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* Re: guile-user Digest, Vol 216, Issue 19
       [not found] <mailman.199.1606106579.13151.guile-user@gnu.org>
@ 2020-11-24 21:26 ` Tim Meehan
  2020-11-25 12:16   ` Adriano Peluso
  0 siblings, 1 reply; 3+ messages in thread
From: Tim Meehan @ 2020-11-24 21:26 UTC (permalink / raw)
  To: guile-user

Matt - thanks for the help making the FFI pointers work!

On Sun, Nov 22, 2020 at 10:44 PM <guile-user-request@gnu.org> wrote:

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> Today's Topics:
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>    1. Re: Question about data structures (Tim Van den Langenbergh)
>    2. broken link on "Learn" page (Tim Meehan)
>    3. Re: Guile dynamic FFI, C function expecting pointer (Matt Wette)
>    4. Re: Question about data structures (Taylan Kammer)
>    5. Re: Question about data structures (John Cowan)
>
>
> ----------------------------------------------------------------------
>
> Message: 1
> Date: Sun, 22 Nov 2020 23:50:47 +0100
> From: Tim Van den Langenbergh <tmt_vdl@gmx.com>
> To: guile-user@gnu.org
> Subject: Re: Question about data structures
> Message-ID: <4033601.nszuQzh3Xh@terra>
> Content-Type: text/plain; charset="utf-8"
>
> On Sunday, 22 November 2020 19:48:24 CET Zelphir Kaltstahl wrote:
> > Hello Guile Users!
> >
> > I have a question about data structures.
> >
> > Recently I read a file and the lines in the file would become a list in
> > my Guile program. The file was not super big or anything. However, I
> > usually try to avoid having to use `append` or `reverse`, whenever
> > possible, considering, that they are O(n) operations and in principle I
> > do not want to write code, that uses lists in inefficient ways, when
> > there is a more efficient way. That said, I hit a little snag:
> >
> > When I am reading a file and do not know how many lines there are in the
> > file, I can use a normal list and construct it using recursive calls
> > like `(cons line (iter ...))` where `iter` is the recursive call and.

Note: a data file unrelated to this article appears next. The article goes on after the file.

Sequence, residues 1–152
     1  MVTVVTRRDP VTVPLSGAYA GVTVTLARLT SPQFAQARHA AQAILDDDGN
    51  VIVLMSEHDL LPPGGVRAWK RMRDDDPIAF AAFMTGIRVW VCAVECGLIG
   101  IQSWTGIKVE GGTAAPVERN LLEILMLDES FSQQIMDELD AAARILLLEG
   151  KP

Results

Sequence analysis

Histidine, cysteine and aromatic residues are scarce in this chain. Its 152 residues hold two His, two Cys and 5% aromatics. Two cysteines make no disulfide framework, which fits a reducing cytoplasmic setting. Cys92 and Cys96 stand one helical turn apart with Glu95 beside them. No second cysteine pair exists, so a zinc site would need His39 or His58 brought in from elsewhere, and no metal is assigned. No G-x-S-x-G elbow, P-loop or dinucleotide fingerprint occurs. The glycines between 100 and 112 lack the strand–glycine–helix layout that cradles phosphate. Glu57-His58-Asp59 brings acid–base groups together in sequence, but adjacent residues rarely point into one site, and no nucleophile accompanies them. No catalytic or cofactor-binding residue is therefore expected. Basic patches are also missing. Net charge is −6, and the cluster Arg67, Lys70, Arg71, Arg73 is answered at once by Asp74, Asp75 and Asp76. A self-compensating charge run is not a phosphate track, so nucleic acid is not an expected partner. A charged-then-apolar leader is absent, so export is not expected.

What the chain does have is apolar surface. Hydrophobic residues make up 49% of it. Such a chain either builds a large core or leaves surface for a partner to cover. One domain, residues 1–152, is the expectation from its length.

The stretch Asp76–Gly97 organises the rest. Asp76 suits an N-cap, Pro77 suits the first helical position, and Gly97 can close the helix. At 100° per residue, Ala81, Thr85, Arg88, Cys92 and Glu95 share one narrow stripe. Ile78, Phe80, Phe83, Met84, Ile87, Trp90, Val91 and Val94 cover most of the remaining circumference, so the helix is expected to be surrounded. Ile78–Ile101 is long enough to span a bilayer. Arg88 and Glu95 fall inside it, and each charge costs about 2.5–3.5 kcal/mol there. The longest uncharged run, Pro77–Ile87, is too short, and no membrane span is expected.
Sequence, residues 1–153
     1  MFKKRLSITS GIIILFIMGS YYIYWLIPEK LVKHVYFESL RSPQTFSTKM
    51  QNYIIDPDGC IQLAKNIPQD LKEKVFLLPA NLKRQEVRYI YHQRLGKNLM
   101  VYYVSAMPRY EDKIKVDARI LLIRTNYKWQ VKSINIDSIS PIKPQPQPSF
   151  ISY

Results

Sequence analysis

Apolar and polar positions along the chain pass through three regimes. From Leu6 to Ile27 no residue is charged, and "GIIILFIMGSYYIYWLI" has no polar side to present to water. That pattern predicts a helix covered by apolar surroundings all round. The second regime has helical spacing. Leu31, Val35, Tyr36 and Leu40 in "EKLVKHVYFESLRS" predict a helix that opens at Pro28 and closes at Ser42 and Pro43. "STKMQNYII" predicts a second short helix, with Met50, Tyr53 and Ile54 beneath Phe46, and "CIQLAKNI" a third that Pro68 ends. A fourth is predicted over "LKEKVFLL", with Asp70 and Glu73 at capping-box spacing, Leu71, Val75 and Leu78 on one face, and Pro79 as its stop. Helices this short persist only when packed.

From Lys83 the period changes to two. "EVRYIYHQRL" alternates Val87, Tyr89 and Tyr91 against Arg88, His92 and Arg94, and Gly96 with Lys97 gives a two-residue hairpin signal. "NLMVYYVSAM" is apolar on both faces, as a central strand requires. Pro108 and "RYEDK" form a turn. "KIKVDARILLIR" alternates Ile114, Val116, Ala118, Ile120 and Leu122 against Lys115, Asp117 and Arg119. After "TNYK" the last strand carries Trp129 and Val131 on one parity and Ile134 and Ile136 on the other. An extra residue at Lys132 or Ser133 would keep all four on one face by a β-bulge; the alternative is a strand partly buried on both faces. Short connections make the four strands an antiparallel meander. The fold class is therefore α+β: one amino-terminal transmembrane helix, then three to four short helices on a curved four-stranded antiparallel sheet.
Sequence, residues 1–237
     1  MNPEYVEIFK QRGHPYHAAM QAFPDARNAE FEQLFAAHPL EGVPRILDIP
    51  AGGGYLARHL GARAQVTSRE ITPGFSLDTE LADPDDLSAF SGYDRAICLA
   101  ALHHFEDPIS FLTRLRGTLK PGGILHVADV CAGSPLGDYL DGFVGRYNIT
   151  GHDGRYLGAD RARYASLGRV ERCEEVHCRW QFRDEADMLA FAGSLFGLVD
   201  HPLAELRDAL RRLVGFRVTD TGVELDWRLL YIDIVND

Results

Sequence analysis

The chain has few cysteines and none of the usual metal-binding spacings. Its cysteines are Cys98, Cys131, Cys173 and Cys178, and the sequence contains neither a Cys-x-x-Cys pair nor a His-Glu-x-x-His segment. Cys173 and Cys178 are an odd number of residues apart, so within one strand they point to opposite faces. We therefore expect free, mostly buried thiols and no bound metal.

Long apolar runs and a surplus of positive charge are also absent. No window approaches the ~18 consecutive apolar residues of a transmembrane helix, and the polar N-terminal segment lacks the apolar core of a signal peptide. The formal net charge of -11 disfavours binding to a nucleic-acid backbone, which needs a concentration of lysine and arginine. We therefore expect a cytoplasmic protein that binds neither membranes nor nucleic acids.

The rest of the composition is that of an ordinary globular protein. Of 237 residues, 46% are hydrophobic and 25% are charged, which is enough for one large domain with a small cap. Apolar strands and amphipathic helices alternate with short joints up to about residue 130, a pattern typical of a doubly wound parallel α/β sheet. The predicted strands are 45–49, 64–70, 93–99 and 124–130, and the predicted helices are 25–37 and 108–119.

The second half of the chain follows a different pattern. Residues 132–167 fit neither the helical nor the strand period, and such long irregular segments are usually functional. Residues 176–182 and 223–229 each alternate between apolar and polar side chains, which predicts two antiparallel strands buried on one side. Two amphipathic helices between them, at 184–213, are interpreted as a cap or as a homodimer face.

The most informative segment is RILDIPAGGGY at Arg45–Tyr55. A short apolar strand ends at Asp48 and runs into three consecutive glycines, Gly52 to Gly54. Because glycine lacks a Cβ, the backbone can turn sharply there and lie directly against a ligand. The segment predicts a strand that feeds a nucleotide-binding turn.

> > Could also be called `process-next-line` or simply `next`. Since I am
> > building a recursive data structure, it is OK to have a non-tail
> > position recursive call. Then I would return that list and work with it.
> > However, what if I ever need to add a list entry and the order of list
> > entry matters? I would either have to use `append`, to add it to the
> > end, which would be O(n), or I would have to initially construct the
> > list of lines in reversed order from initially, so that I can add by
> > simply using `(cons new-entry lines)`. However, when I use the list in
> > reverse and ever need to output the lines in the list in their original
> > order, I would first need to `reverse` the list again.
> >
> > OK the whole reversing would not be a problem, if I used a vector to
> > store the lines. However, then I would need to know the number of lines
> > in the file ahead of time or look at the file once for counting the
> > lines, then create the vector of that length and then store the lines in
> > it. This seems inelegant again, because I look at the lines of the file
> > twice. I could read it in as a list and then use `list->vector`, but
> > that will also be an additional O(n) for converting every entry to
> > vector element.
> >
> > If I now think about Python, then I have Python lists (actually arrays?)
> > and those can be easily appended to in O(1) and random access is also
> > O(1) according to https://wiki.python.org/moin/TimeComplexity. This
> > means I do not need to think much about how I will use the lines of a
> > file, when reading in the file. A Python list will be appropriate.
> >
> > So in Guile I sometimes feel some mental overhead of thinking about the
> > choice of data structure, which I do not feel in Python. Generally I
> > like Guile a lot more, so I would like to know how others deal with